• How did you find out about Gypsy Horses?

My late wife and I discovered the Gypsy Vanner Horse . Stimulated by the look of one stallion standing in a farmer’s field in England, we discovered that the horse belonged to a Traveler and that he had a band of mares that looked just like this stallion that he kept hidden. We would spend that day in a Gypsy camp, become the first Americans to ever attend Appleby Horse Fair with the sole intention of understanding Gypsies and their horses. We would trace the genetic history of that stallion through three countries, uncover the unknown vision he was born from, trace that vision back to two stallions that existed soon after World War II (Sonny Mays and The Coal Horse), Identify most of the great stallions and mares that developed over the next 60 years, name the breed and established the first breed registry in the world for a selectively bred horse developed by Gypsies, The Gypsy Vanner Horse Society.

cushti bok rears on command
  • Gypsies are not an inexpensive breed. What about these horses “sold” you on the idea of owning one?

If I say Gypsy horse, the statement about not being expensive is true, if I say Gypsy Vanner Horse the statement is false.

A very high percentage (possibly 80%) of the horses raised by Gypsies (Gypsy horses) are not a breed, they are a type of horse of unknown heritage and often have smooth-legged genetics, like Connemara or Irish Draft.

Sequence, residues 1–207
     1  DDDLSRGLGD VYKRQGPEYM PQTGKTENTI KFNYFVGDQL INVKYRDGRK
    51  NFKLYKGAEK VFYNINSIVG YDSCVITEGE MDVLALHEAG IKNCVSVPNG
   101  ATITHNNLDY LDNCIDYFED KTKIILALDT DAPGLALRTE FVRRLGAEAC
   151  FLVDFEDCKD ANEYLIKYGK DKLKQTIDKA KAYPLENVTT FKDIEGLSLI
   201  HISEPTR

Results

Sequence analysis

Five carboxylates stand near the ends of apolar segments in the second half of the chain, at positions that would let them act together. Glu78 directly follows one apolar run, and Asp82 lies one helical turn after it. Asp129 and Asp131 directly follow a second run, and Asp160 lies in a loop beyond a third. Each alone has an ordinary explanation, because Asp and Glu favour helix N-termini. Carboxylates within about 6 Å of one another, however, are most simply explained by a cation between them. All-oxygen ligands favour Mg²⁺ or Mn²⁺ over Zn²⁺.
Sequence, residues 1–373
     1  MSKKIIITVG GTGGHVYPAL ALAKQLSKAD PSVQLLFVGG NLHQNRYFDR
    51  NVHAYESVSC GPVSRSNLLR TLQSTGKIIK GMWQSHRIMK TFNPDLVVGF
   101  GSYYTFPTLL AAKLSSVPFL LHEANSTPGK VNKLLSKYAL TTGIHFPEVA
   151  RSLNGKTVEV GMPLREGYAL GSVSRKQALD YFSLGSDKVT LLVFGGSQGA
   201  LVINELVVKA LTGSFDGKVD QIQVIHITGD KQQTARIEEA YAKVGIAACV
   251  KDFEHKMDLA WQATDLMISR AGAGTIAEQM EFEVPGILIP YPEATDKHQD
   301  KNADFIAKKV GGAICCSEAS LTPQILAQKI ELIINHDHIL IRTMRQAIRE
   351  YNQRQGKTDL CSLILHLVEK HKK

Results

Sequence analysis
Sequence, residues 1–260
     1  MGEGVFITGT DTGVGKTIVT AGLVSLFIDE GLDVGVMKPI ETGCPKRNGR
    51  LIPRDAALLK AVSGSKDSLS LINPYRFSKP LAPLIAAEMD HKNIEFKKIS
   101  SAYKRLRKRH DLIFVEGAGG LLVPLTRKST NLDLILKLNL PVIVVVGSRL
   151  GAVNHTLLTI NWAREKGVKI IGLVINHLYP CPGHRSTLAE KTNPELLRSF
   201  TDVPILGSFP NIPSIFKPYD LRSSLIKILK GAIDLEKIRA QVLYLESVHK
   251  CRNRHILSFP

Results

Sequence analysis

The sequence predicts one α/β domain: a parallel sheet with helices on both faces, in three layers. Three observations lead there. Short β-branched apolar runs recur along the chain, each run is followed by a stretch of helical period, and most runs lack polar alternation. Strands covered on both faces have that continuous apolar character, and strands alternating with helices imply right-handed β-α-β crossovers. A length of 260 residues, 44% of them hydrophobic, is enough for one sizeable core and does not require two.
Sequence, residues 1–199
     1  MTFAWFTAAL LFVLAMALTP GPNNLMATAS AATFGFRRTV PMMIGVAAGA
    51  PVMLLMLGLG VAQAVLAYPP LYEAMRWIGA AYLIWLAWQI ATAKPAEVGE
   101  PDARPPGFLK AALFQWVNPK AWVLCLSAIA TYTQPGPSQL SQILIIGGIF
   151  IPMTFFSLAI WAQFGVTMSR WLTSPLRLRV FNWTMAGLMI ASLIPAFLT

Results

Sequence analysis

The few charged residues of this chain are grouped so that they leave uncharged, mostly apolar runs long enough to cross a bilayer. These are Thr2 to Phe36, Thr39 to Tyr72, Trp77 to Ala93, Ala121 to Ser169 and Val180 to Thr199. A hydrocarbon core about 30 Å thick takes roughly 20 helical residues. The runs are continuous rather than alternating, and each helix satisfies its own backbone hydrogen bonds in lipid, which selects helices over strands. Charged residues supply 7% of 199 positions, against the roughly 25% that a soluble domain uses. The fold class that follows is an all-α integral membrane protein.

The Gypsy Vanner Horse or Vanner is a specific looking horse born from a vision to create the perfect caravan horse.

The look is that of a small Shire with more feather, more color and a sweeter head; an average-size horse with a draft horse body.

Hair is an additive or cumulative gene (recessive), so nothing but hairy-legged horses developed the Vanner breed.  The Dales Pony in the opinion of Fred Walker (King of the Coloured Horses) was paramount in the breed’s development (not the Fells Pony).

The Dales brought down the size, kept the feather and heavy bone and put the sweet head on them.

Yes, some have Fells Pony in them but those have a lighter body look and are therefore not the breed’s bulls-eye genetic or look.

You can buy a Gypsy horse colt for 100 BPS, a Vanner colt will cost ten to 100 times that. 

gypsy horses at appleby fair

Horses raised by Gypsies of unknown heritage are called Trade Horses, Export Horses, Knacker Horses or Coloured Riding Horses and are raised as a commodity-based animal for the restaurant business in Belgium, Holland, and France.

All horses raised by Gypsies were called Coloured Horses or Coloured Cobs, nothing else,  there was no differentiation between the breed and the type. Gypsy Vanner Horse is the first name in the world to separate the breed from the type, that is why the name Vanner is so important—it holds the breed’s vision and promise.

The best and most expensive horses Gypsies raise (their breed) are hidden.

If you had five dollars you would leave it on the kitchen table. If you had ten thousand dollars you would hide it. The Vanner breed is often hidden, while common horses raised by Gypsies are not.